Below are a list of parks and nature paths available within the Town of Amenia and the surrounding area

Beekman Park

5270 Route 44        [ MAP ] 
Amenia, NY 12501 
(845) 373-9527

The primary entrance to the park is from Rt 44 (across from Welsh Sanitation) where there is parking for approximately 75 cars.  There is also a pedestrian entrance at Broadway and East Broadway Avenues.


Prior to 1955, the dominant natural feature of the Beekman Park site was Lake Amenia.  The lake was formed by a dam located at the intersections of Lake Amenia and West Lake Amenia Roads.  The current remains of the dam are estimated to have been built in 1920.  Originally, the dam was used to power an adjoining sawmill.  The resulting body of water provided the added civic benefits of swimming and fishing as well as the aesthetic character that a water body provides.  Real estate interests developed the area surrounding the “lake” in the 1920’s into a community called “Beekman’s Development”, complete with lakeside cottages and rustic pavilions, docks and railings.  A brochure was developed which undoubtedly was meant to target New Yorkers, who had access to the area via train, looking for a quiet country retreat.  Some of these structures exist to this day. 

Two events occurred in the 1950’s, which not only ended Lake Amenia itself, but also the tourist character of the surrounding structures.  One was 1955’s Hurricane Diane, which swept through the area dumping large quantities of rain.  Local lore has it that the gates that were meant to be manually opened to allow for larger flows during storms were unable to be opened when the keeper accidentally dropped the key in the rushing water.  The resulting overflow overtopped the dam and eroded it away and caused the lakebed to drain to its current state.  The lakebed is now New York State Wetlands.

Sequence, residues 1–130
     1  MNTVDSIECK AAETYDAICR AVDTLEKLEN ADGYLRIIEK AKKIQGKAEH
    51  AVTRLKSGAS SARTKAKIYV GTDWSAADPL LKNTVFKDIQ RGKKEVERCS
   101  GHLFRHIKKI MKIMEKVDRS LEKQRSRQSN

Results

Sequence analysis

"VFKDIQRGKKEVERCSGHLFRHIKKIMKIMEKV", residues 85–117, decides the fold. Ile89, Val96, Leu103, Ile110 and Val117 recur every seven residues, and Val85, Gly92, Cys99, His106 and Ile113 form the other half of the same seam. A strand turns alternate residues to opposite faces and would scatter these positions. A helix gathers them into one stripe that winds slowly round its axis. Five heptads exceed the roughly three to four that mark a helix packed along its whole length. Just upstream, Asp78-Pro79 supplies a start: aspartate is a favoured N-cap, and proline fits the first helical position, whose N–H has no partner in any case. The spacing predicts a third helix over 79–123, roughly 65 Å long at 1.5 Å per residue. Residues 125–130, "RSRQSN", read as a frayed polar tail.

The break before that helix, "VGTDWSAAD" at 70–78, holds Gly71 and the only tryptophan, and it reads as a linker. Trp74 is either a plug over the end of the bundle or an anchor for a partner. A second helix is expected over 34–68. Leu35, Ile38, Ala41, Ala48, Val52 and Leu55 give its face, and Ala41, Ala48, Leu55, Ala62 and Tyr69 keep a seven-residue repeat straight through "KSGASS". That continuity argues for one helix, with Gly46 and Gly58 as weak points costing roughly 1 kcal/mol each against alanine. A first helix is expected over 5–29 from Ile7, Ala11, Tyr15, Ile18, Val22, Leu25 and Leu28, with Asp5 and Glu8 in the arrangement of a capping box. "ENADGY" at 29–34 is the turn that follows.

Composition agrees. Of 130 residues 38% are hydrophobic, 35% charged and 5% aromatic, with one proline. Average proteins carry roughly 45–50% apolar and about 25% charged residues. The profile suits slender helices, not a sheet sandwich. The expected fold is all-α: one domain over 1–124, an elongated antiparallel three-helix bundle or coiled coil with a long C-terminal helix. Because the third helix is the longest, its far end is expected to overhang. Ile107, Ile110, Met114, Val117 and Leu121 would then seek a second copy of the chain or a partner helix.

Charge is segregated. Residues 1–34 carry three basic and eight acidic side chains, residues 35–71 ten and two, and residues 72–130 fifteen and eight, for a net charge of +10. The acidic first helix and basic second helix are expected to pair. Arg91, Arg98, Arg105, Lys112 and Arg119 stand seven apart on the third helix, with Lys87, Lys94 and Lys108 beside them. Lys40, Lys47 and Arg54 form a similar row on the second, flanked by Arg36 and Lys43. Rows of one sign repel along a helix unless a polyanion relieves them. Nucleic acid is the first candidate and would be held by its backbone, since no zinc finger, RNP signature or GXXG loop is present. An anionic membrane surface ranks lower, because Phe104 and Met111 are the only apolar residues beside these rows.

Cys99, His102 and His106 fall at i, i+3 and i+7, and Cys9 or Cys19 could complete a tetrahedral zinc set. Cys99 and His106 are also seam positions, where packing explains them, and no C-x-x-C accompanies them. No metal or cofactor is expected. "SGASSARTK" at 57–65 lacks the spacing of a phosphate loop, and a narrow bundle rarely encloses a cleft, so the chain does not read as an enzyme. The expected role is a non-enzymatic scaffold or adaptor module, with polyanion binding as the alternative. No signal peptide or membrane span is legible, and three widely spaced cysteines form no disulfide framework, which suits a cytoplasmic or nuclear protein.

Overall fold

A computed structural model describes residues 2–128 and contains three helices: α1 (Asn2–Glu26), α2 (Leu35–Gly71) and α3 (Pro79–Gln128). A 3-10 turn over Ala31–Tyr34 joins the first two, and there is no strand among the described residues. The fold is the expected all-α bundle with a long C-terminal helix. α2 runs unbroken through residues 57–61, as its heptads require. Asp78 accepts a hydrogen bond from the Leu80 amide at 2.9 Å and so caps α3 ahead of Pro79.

The second event was the post WW II advent of automobiles and resulting development of the interstate highway system.  The mobility that was now available to New York City area residents led to the Catskills as new summer vacation spot.  People no longer had to rely on railroads, such as the one that previously brought the city folk to Amenia via the Harlem Valley line.  The two streams that traverse the Park and flow south converge just north of the remains of the old dam which fed the lake are now confined to their original channels.

On March 1, 1974 the 47.7 acres of land that makes up this park was sold to the Town by Walter Beekman for the sum of $1.  Eventually a group of volunteers, with the support of the Town, began construction of the ballfields.  In the spring of 1983 the park was officially open for business as the first Little League games where played on Herring field.  The following year the "Doc" Bartlettbaseball field was opened (lights were added in 1990's).  In 1985 the first games were played on the Bob Coons softball field. 

Borden Park

Nelson Hill Rd              [ MAP ] 
Wassaic, NY 12592


In the late 1850's a milk condensing factory was opened by Gail Borden in Wassaic.  When this plant was eventually closed the land for the park was donated to the Town of Amenia.  In 1993, through an act of the State Legislature, this 3/4 acre parcel of land was sold to Pawling Corp

For information on the founder of condensed milk read the following article found in theSmithsonian Magazine: The Man Who Invented Elsie, the Borden Cow

Gail BordenVacuum Pan

Wassaic Park

Wassaic, NY 12592              [ MAP ]

The primary entrance to this park is on Nelson Hill Rd between the Metro North Tracks and the main Pawling Corp. entrance.  This entrance is intended for pedestrian and bicycle traffic only.  The bridge at the end of Borden Lane can be used by emergency and authorized service vehicles only.  The reason for this is that it crosses the Pawling Corp loading dock area and this is not safe for general pedestrian traffic.

Wassaic Park contains a playground, basketball court and ballfield.  It is also an access point to the Wassaic Creek PFA.


This land was donated to the Town of Amenia when the Borden Factory closed.  Today it serves as a community park for the Hamlet of Wassaic residents. 


For information on the management of the Town Parks contact the Recreation Department.